Then when I applied for my doctorate, there wasn’t a single woman teaching in my area of concentration. So I didn’t go at that time. It wasn’t until there was another woman that I applied. Why would I want to go somewhere no one looked like me? How could they possibly know my life? Get my work?
Next, in my graduate work, I was a ‘returning student.’ Re: older than the rest of the bunch. And when I found my ultimate university job, I wasn’t a ‘real’ academic: I directed a federal grant. Not tenure-track, but administrative and teaching. Never mainstream — always an outlier.
This is my father, who served in three wars: WWII, the Korean War — from when this was taken — and the Việt Nam Conflict. He served in multiple theatres (China, Korea, Việt Nam, the Battle of the Bulge, Germany, France, et al), sustaining several major injuries. When I was a little girl, I used to trace the deep scars on his calf, where a bullet entered and exited. He eventually retired as a light colonel (Lieutenant Colonel). Just this winter he was inducted into the Oklahoma Military Hall of Fame.
My 2nd sister also served, Việt Nam era, Army. A lifer, as we say, retiring as Staff Sergeant. My 3rd sister served in the Air Guard. My nephew was Army. My father-in-law Merchant Marine (which had the highest fatality rate in WWII). My husband was a Việt Nam DMZ Marine. Uncles and cousins served at Annapolis, at the Pentagon, overseas, and locally.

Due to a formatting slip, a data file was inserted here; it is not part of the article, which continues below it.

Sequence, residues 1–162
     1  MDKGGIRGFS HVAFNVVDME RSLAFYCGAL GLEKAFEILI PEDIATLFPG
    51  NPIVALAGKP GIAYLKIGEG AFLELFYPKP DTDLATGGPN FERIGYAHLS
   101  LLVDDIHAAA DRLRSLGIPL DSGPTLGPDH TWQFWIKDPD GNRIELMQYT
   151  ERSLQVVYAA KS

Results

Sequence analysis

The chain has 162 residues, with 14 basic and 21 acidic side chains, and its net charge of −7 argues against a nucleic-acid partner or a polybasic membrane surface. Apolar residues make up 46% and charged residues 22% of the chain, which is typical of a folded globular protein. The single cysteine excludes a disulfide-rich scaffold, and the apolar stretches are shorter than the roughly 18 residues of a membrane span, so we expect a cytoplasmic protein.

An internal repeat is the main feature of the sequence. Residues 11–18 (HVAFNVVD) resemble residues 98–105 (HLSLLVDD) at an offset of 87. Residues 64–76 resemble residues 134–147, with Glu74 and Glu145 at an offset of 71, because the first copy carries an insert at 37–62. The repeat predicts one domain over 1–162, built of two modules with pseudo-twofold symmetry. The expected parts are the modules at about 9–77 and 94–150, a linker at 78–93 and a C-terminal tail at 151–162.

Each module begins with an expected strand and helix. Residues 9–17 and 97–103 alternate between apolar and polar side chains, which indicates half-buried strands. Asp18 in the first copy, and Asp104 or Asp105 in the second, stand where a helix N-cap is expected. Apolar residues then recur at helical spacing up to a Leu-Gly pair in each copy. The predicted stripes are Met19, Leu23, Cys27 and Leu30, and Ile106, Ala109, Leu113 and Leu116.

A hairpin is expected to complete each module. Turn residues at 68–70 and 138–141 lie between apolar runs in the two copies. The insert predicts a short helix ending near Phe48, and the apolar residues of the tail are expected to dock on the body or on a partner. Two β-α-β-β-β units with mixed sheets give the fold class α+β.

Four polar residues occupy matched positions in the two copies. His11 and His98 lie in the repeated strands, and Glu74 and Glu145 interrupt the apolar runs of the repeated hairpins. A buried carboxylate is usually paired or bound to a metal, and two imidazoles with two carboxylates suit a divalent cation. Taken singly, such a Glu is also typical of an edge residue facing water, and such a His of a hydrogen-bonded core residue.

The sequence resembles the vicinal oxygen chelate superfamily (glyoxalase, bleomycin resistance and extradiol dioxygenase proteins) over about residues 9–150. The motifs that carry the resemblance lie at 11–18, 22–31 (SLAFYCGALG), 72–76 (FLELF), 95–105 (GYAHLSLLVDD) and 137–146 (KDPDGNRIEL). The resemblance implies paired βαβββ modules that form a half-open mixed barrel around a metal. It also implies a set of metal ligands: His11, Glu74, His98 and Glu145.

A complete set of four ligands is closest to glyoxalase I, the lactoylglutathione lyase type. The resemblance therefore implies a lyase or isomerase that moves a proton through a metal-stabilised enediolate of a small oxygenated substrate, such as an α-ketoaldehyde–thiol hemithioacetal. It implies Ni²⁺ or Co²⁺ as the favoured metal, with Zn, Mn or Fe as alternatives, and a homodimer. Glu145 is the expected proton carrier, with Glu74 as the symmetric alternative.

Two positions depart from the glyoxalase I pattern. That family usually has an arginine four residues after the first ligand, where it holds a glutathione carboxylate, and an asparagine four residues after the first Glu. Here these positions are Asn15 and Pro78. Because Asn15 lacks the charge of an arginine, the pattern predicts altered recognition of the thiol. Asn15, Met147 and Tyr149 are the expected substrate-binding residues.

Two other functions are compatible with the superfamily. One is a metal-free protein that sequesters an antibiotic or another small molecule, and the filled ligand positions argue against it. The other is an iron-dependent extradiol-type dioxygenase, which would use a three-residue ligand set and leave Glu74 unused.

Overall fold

In other words? The military is a BIG part of my family culture and tradition. But I’m a pacifist by calling. That may seem incongruous, unless you consider what happens to those who serve: they often die. And then there are the fates far worse than a clean death: death on a battlefield, POW status, PTSD, major disability… All too often, our vets sacrifice far more than their lives.